REDSTONE ARSENAL, Ala. – Army Materiel Command is making strides in readiness and modernization, equipping Soldiers and synchronizing with Army leaders in support of the Regionally Aligned Readiness and Modernization Model.
During the Army Modernization and Equipping Conference, leaders from across the Army, including those from the other three Army Commands and Department of the Army Headquarters, joined AMC leaders to align efforts in planning how units will be equipped in conjunction with modernization efforts and ReARMM, the flexible, predictable force generation process that will create an Army regionally and functionally capable of supporting the National Defense Strategy.
AMC Commander Gen. Ed Daly made opening remarks during the first day of the conference, stressing the importance of this planning for units on the ground.
“As we progress, we’re really going to need to have meetings at echelon,” Daly said. “If we’re not planning and executing almost a daily battle rhythm event, we’re going to fall behind.”
During the conference, AMC provided updates on its 14 Modernization Displacement and Repair Sites, which are one-stop shops for Soldiers to unburden themselves of excess equipment. Once at the MDRS, Army Sustainment Command personnel displace the equipment through divestiture to Defense Logistics Agency Disposition Services or lateral transfers to a unit to build equipment readiness.
Eric Cowan, the AMC G-3 divestiture team lead, said the next step is for units to use the sites and speed up the velocity of the divestiture process.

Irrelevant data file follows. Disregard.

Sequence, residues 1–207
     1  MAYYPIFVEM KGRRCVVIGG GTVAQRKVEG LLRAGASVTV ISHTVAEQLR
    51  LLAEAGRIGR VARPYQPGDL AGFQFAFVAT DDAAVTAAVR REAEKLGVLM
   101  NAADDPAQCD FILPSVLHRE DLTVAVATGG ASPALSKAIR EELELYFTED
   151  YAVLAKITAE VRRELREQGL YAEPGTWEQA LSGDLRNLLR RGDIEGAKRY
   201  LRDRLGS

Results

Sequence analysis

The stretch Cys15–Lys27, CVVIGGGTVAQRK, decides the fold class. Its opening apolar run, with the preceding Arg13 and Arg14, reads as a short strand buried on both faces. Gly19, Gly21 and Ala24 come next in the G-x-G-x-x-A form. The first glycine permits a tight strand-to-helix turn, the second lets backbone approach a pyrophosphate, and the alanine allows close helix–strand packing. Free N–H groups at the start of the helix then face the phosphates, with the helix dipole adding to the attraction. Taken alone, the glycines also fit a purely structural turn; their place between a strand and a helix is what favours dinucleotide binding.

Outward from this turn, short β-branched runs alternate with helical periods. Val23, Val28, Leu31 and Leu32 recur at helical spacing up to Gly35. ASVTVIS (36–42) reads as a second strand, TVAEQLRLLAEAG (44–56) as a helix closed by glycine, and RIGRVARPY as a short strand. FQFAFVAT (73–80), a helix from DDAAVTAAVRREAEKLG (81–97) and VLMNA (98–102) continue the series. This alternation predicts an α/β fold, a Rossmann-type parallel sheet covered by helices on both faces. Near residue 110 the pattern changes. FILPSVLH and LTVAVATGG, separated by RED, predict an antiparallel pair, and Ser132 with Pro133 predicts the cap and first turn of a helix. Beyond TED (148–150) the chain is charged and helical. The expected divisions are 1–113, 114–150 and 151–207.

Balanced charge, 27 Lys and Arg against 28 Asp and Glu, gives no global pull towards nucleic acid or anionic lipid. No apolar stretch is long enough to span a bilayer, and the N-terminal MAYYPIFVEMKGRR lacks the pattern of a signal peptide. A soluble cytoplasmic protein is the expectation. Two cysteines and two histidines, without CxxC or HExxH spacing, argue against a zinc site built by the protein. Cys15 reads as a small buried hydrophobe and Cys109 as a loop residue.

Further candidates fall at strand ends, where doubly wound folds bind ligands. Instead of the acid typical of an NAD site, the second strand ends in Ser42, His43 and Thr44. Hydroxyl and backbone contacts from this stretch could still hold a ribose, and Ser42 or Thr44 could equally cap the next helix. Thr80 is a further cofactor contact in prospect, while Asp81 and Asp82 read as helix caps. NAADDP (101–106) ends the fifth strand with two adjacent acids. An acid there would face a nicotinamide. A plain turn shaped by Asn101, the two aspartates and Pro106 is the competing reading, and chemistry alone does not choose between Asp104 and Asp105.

“If supported units take full advantage of MDRS capabilities, it will unburden them from managing excess and allow them to focus on modernization,” he said.
The conference also allowed commands to work through unique equipment challenges. Roughly 70 in-person leaders and staff, along with more than 200 personnel attending virtually, came together to synchronize and collaborate plans based off what equipment Soldiers currently have, what they will have – in line with the modernization timeline – and what will happen with the equipment they no longer need.
The Army has been improving its equipment on-hand readiness rates, which is a measure of the useable equipment units have ready, Cowan said. As of May, roughly 60% of units are equipped to 80% equipment on hand. The Army’s efforts redistributing and divesting equipment is all about making sure Soldiers have what they need.
“If they don’t have it, they can’t use it,” he said. “We try to make sure whatever is required, we provide.”
As AMC leads strategic divestiture and ensures Soldiers have what they need, data is tracked in multiple systems to inform senior leader decisions. Developed by the Logistics Data Analysis Center, the Decision Support Tool provides information on distribution and redistribution of equipment.
There is also the Army Synch Tool, which was developed by the Department of the Army G-3 and contains information about ordered missions and the ReARMM phases. Lindsey Jones, a logistics management specialist in AMC’s Lead Materiel Integration Division, said both tools are fully nested, ensuring distributions and displacements are in synch with modernization phases.
“We’re confirming [fiscal year] 2021, locking in 2022 and planning 2023 distribution and displacements,” Jones said. “Our task and goal is to have distribution and displacement planned in accordance with Army priorities and modernization phases.”
With tools in place and commands developing plans in support of ReARMM, Daly emphasized the importance of continued adaptability and collaboration.
“This is not just about people or equipment,” he said. “To bring ReARMM to reality, it is going to take a level we’ll have to get adjusted to quickly.”